Usually when I write about the U.S. Supreme Court’s 2010 ruling in Morrison v. National Australia Bank, it’s to tell you about yet another successful defense effort to dismiss claims involving the overseas application of U.S. laws, whether in trade secrets litigation, bankruptcy clawback actions or lots of other arenas that have nothing to do with Morrison‘s securities-law roots. In April, the Securities and Exchange Commission needed a full 106 pages to analyze Morrison‘s background and impact (before declining to answer the question of whether Congress should reform securities laws to restore a cause of action for U.S. investors against foreign-listed defendants). Across a wide plain of civil litigation, foreign defendants have wielded Morrison as a case-crushing bludgeon, with federal judges bowing to its power.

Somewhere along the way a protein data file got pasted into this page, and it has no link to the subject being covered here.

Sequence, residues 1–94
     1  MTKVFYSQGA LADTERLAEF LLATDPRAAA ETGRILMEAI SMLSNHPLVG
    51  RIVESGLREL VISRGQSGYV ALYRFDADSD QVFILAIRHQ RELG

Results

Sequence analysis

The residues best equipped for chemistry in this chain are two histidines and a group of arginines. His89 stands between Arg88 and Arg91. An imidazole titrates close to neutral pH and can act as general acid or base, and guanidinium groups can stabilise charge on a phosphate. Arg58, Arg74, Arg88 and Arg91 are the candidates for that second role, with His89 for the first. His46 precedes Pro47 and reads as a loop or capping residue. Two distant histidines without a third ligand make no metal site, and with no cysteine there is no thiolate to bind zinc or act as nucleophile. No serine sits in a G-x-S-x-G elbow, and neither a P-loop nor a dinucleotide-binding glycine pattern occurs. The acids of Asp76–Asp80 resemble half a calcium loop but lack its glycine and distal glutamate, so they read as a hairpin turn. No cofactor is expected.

There is no federal judge more economically outspoken than Richard Posner of the 7th Circuit Court of Appeals, who in his scant spare time co-authors a provocative blog with the Nobel Prize-winning University of Chicago economist Gary Becker. With a high-pitched querulous voice and no tolerance for obfuscation, Posner can demolish lawyers he considers economics slackers. If you’ve got a dubious theory of damages, you’d better hope you don’t end up arguing it before him.